• Array modifier. Select Fit Curve in Fit Type, and select the curve in the box below.
  • Curve modifier. Select the curve in the Object square. You might have to select another deformation axis
Everything should now look like this:


The good thing with Blender is that Unity and Blender are very good friends. So to export the track to Unity you just have to save it in the same directory as your Unity project. Then you have to drag it into your scene. The last thing you have to do is to click on the child to the track object, pick the child that's the track (and not the Bezier) and add a Mesh Collider to it. Now the track should be drivable like this:


March 17, 2015

A better way to clear landmines

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A few years ago I wrote an article on this blog on Creative methods to clear landmines. It included plants that change color when the roots touch a landmine, rats that can smell landmines, and a gigantic ball that explodes when rolling over a landmine. Neither of these solutions have really solved the problem. With the current clearing speed, it will take more than 1000 years before all landmines have been cleared.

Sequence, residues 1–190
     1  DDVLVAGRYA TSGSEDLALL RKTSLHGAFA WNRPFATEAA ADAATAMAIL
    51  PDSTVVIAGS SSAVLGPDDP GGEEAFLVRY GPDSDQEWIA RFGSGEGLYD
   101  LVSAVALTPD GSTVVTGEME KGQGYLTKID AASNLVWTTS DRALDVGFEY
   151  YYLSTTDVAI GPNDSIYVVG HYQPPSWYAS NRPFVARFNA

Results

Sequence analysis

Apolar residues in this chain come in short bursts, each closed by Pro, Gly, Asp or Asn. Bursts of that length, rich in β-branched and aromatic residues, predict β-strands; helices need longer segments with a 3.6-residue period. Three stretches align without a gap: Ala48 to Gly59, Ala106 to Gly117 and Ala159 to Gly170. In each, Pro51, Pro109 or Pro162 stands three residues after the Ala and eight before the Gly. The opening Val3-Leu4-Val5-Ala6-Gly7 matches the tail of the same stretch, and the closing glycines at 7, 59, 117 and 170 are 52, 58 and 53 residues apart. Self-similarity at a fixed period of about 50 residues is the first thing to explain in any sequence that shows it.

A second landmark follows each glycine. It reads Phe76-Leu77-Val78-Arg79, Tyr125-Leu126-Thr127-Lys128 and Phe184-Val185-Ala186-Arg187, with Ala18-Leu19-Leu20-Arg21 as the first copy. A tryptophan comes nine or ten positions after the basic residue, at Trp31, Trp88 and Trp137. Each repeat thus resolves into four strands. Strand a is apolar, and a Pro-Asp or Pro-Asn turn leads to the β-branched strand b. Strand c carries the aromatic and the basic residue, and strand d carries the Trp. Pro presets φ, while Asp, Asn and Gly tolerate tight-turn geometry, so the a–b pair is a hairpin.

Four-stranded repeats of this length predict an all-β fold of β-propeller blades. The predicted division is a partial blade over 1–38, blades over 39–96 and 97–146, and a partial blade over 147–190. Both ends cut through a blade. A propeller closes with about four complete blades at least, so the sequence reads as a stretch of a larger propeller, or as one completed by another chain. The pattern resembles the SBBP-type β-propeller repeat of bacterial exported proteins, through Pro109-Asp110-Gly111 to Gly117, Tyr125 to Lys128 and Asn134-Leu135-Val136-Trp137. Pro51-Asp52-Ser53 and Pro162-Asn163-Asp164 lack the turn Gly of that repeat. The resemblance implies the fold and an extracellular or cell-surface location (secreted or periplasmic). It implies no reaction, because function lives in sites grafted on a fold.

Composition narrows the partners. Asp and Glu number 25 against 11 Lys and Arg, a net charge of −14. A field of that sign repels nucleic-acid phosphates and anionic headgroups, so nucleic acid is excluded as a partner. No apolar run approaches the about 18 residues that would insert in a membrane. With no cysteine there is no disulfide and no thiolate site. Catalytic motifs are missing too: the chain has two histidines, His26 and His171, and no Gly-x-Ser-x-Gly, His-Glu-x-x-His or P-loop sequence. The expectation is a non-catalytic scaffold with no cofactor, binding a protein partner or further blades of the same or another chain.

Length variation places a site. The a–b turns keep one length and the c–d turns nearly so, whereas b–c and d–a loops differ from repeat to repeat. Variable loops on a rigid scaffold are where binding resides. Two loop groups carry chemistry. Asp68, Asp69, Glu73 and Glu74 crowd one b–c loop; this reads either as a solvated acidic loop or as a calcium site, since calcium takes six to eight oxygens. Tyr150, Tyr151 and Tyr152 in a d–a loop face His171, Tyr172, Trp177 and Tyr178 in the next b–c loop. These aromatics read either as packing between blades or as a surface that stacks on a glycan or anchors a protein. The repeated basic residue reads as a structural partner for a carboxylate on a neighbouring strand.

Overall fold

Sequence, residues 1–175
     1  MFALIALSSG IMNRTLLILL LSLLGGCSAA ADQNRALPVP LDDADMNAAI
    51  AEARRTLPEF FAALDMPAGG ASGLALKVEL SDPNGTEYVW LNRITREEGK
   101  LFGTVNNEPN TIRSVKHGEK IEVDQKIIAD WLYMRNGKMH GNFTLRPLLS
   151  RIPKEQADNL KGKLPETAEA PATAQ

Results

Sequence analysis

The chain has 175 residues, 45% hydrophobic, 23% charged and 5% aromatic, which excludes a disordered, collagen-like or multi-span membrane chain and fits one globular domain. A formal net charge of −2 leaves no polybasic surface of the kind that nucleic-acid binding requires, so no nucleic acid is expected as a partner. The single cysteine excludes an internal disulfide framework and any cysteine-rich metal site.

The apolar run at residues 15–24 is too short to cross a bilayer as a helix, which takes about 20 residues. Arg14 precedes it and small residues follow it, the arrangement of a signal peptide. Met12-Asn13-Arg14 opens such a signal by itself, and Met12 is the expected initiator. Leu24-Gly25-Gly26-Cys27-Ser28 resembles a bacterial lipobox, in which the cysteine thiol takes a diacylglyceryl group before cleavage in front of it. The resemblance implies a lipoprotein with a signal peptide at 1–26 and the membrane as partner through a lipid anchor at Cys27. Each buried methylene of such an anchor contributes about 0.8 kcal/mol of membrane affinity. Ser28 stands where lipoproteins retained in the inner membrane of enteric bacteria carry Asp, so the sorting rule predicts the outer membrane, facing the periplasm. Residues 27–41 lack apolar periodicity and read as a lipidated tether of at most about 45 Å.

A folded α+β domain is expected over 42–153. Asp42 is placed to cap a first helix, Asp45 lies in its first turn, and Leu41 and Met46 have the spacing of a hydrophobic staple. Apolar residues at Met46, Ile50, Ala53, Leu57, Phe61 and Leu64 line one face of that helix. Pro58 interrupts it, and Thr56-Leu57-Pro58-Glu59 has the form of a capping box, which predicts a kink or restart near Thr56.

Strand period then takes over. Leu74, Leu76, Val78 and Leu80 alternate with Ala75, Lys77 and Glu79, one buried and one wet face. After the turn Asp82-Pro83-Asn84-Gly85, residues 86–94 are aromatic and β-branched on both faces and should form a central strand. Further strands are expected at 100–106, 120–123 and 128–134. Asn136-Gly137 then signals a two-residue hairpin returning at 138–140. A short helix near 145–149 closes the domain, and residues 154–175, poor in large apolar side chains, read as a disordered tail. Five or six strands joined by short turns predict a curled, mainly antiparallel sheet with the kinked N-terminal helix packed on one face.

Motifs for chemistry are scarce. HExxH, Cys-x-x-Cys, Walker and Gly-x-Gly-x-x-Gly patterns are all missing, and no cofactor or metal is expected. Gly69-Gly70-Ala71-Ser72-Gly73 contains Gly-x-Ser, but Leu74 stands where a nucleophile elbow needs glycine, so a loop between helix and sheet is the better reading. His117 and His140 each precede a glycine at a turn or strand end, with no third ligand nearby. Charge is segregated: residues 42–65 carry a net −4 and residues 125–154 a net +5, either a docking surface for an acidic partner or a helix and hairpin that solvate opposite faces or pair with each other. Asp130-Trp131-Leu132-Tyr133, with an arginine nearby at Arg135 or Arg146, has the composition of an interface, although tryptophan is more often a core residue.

Today, while researching how to calculate the mass moment of inertia, I found a YouTube channel called Physics World. Their latest video is about landmines and a better way to detect them.


According to the video, the problem with landmines is not to find them - the real problem with landmines is to figure out what is a landmine and what is not a landmine that could have been a landmine. What the world needs is a way to detect if what could be a landmine is really a piece of scrap. Because clearing a piece of scrap that you think is a landmine takes as long time as it takes to clear a real landmine. The organization Find a better way aims to find a solution to this new problem.   

March 16, 2015

The secrets behind the art of city building games like SimCity and Cities: Skylines